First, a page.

Module 6  Limit as x Approaches a 
Introduction  Lesson 1  Lesson 2  Lesson 3  Self Test 
Lesson 6.1: Tolerances 
A function can be described as a black box with an input and a corresponding output. Each input value x enters the box and then undergoes a transformation that produces a corresponding output value y. For continuous functions the output values will be close to a particular value of y if the input values are "close enough" to the corresponding value of x. In this lesson you will quantify the concept of closeness for a specific function. Investigating Tolerances of For , y is close to 2 when x is close to 3. An example of the type of question that is key to understanding limits is
Graphing the Function and Output Bounds Begin the investigation by graphing the function and the two horizontal lines that represent the ytolerances: one line that is 0.1 below y = 2 and the other line that is 0.1 above y = 2.
Y_{2} = 2  0.1, the horizontal line 0.1 units below y = 2 Y_{3} = 2 + 0.1, the horizontal line 0.1 units above y = 2 Display the graph of the function to see its basic shape and the graphs of the two horizontal lines that represent the output tolerance. Use a [0, 10, 1] x [0, 5, 1] viewing window. A Better View The region of the graph where y is 0.1 unit away from 2 can be better seen using a viewing window with values close to x = 3 and y = 2.
The graph of appears to be a diagonal line rather than a curve because a small portion of the graph has been magnified to fill the window. The points of intersection of the function and the two horizontal lines that are 0.1 away from 2 determine the endpoints of the xinterval where the values of the function are within 0.1 of 2. Finding the xTolerances Using the Intersection Feature The xcoordinates of the points where the graph of the function intersects the horizontal lines determine how close x needs to be to 3 so that y is within 0.1 of 2. The Intersect feature in the CALCULATE menu of the Graph screen can be used to find the intersection points.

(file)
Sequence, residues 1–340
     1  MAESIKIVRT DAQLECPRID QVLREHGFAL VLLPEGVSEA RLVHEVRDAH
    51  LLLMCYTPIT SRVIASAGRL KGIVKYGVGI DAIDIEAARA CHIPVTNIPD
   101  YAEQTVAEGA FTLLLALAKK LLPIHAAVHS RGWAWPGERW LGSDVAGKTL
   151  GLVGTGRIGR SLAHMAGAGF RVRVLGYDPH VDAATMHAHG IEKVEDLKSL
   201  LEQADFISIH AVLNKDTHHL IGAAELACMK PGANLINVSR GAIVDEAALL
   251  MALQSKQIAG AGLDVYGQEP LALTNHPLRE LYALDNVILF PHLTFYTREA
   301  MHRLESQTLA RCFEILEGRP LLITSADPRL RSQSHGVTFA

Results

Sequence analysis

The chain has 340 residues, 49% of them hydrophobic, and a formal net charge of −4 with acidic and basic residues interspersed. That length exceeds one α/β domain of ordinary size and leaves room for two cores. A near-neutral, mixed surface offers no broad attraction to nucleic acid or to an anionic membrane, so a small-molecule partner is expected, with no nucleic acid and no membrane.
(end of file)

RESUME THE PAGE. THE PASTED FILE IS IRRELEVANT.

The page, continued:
To find the xcoordinate of the point of intersection of Y_{2} = 1.9 (the lower bound of the ytolerance) and (the graph of the function), you need to specify the two curves. Selecting the Two Intersecting Curves The cursor is on the function Y_{1}, as indicated by the "Y1" in the upper left portion of the screen and the blinking cursor on the graph.
The small + shown on the graph of Y_{1} indicates that it is the first curve selected. The cursor is on the lower horizontal line to indicate that that line is currently chosen and it is blinking to indicate that it has not been selected. Note that "Y2" is shown in the upper left portion of the screen indicating that the current position of the cursor is on the graph of Y_{2}.
Specifying an Initial Guess The TI83 will prompt you for an initial guess of the point of intersection.
The calculator improves upon your initial guess and displays a good approximation of the point of intersection. The xcoordinate of the point of intersection is approximately 2.87. Finding the Second Point of Intersection Now find the point where the graph of the function intersects the upper horizontal line, Y_{3} = 2.1.
The xcoordinate of this intersection point is approximately 3.1366667. You can conclude that if x is between 2.87 and 3.1366667, y will be within 0.1 of 2. But that was not the original question. The original question was How close should x be to 3 to ensure that y is within 0.1 of 2? It looks like there are two different answers. The left value of 2.87 is 0.13 from 3. The right value of 3.1366667 is 0.1366667 from 3. 6.1.1 Which tolerance for x, 0.13 or 0.1366667, will ensure that y is within 0.1 of 2 when x is close to 3? Click here for the answer. Smaller y Tolerances 6.1.2 For , how close should x be to 3 so that y is within 0.01 of 2? Click here for the answer. 
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